There is no such thing as a free gift. Evaluate this statement. In western society we are led to believe that gift giving is distinct from market exchange. This originates from western economic theory that is based on the perception that societies evolve from ‘sharing’ archaic societies to market economies, that are based on theories of supply and demand. However, through the history of anthropological thought we can determine that this distinction is a false dichotomy. According to the Oxford English dictionary, a gift is ‘a thing given willingly to someone without payment’ (Available at: http://www.oxforddictionaries.com/definition/english/gift [accessed: 4 December 2013]. It is this definition that has found itself at the centre of anthropological debate. Bronislaw Malinowski first coined the term ‘pure gift’ whilst conducting his ethnographic research in the Trobriand Islands. A ‘pure gift’ according to Malinowski was ‘an act in which an individual gives an object or renders a service without expecting a return’ (1922: 176). This was heavily criticised by revolutionary theorist Marcel Mauss in his most famous work The Gift (1925), whereby through studying the Maori people, he argues that a free gift is impossible, as with every gift comes an ‘obligation to reciprocate’ (1925: 3). The Gift has been extremely influential to many anthropological studies including the work of James Carrier, Jonathan Parry and David Sahlins. However Mauss's views on the nature of gift exchange have not been without their critics. Anthropologists such as James Laidlaw and Alain Testart contest that there is such a thing as a ‘free gift’. James Laidlaw uses the example of the giving of alms to Shvetambar Jain renouncers whereas Alain Testart focuses on the multiple meanings of the term ‘obligation’, in his interpretation of a ‘free gift’. After exploring both sides of this anthropological debate and examining the significant ethnographic fieldwork I will determine whether Malinowski’s initial notion of a ‘pure gift’ is possible. Anthropological debate on the nature of gift giving began with Bronislaw Malinowski who used participant observation as part of his ethnographic fieldwork in the Trobriand Islands of Papua, New Guinea, where he first discovered the Kula ring as ‘a form of gift exchange…that is carried on by communities inhabiting a wide ring of islands’ (Malinowski 1922). In this case natives would at times travel many miles to exchange Kula valuables. This would be done in a circular direction with the donor becoming the recipient and vice versa. It was in his subsequent work ‘Agronauts of the Western Pacific’ where Malinowski first employed the notion of a ‘pure’ gift. According to Malinowski a pure gift occurs in a gift exchange between a husband and wife and a parent and child. Marcel Mauss (in Laidlaw, 2000: 5) falsifies Malinowski’s concept of a ‘pure’ gift by stating that the gifts between a husband and wife in the Trobriand Islands are seen as ‘mapula payment for matrimonial relations’, in layman’s terms this was payment for sexual intercourse. This therefore created an obligation on the donor to reciprocate. This interpretation is reflected in Mauss’s most influential piece of work, The Gift, where he argues that gifts are never free (Mauss 1925: 3). It was whilst studying the Maori people, that Marcel Mauss highlighted the notion of obligation in gift-giving (Mauss 1925). He argued that the exchange of gifts always gives rise to reciprocal exchange, which makes the concept of a ‘free’ gift impossible. The recipient feels a social obligation to return the gift at some point in the future, therefore creating a binding relationship between the parties. Mauss’s most famous argument was that in gift societies domination is ‘disguised’, and by not reciprocating the donor has an invisible power over the recipient, making the gift a source of both ‘pleasure and poison’(Mauss 1925). Mauss depersonalises gifts and turns them into an...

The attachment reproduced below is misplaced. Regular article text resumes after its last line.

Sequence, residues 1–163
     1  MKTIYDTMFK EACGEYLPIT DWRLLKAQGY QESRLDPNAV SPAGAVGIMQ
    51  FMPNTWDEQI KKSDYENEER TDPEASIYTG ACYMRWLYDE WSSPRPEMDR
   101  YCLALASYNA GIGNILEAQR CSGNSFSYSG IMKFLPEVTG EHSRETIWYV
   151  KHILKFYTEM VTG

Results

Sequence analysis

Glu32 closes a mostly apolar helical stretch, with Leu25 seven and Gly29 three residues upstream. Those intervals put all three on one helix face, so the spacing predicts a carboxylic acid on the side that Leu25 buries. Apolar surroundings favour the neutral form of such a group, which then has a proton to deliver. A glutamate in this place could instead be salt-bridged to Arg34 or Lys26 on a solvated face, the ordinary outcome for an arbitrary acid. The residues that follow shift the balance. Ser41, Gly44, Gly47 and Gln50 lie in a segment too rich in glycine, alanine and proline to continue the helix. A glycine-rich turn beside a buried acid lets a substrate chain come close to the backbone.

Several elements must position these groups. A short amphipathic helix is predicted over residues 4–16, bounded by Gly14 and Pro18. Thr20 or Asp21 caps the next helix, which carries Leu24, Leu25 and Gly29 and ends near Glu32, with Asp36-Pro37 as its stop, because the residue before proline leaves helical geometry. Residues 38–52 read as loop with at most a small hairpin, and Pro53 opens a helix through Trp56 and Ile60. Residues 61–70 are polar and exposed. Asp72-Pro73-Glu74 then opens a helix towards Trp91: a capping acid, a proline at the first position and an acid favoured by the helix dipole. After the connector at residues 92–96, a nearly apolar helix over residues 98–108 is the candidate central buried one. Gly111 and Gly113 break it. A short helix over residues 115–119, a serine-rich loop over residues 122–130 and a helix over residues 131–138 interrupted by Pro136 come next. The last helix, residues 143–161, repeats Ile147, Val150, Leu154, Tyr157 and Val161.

Bibliography: Carrier James, G. 1995. Gifts and commodities : exchange and Western capitalism since 1700 (Material cultures). London: Routledge.
Gregory, C.A. 1982. Gifts and commodities (Studies in political economy). London: Academic Press.
Laidlaw, J. 2000. ‘A free gift makes no friends’. Journal of the Royal Anthropological Institute 6: 617-634.
Malinowski, B. 1961. Argonauts of the Western Pacific. Prospect Heights, Illinois: Waveland Press.
Mauss, M. 1925. The Gift: forms and functions of exchange in archaic societies. London: Routledge.
Parry, J. 1986. The Gift, the Indian Gift and the 'Indian Gift '. Journal of the Royal Anthropological Institute. 21(3), 453-473.
Sahlins, M. 1974.’The Original Affluent Society’ in Stone Age Economics. London: Routledge.
Testart, A. 1998. 'Uncertainties of the 'Obligation to Reciprocate ': A Critique of Mauss ' in Marcel Mauss: A Centenary Tribute. James, W. and Allen, N. J. (eds.). New York: Berghahn Books.
Please join StudyMode to read the full document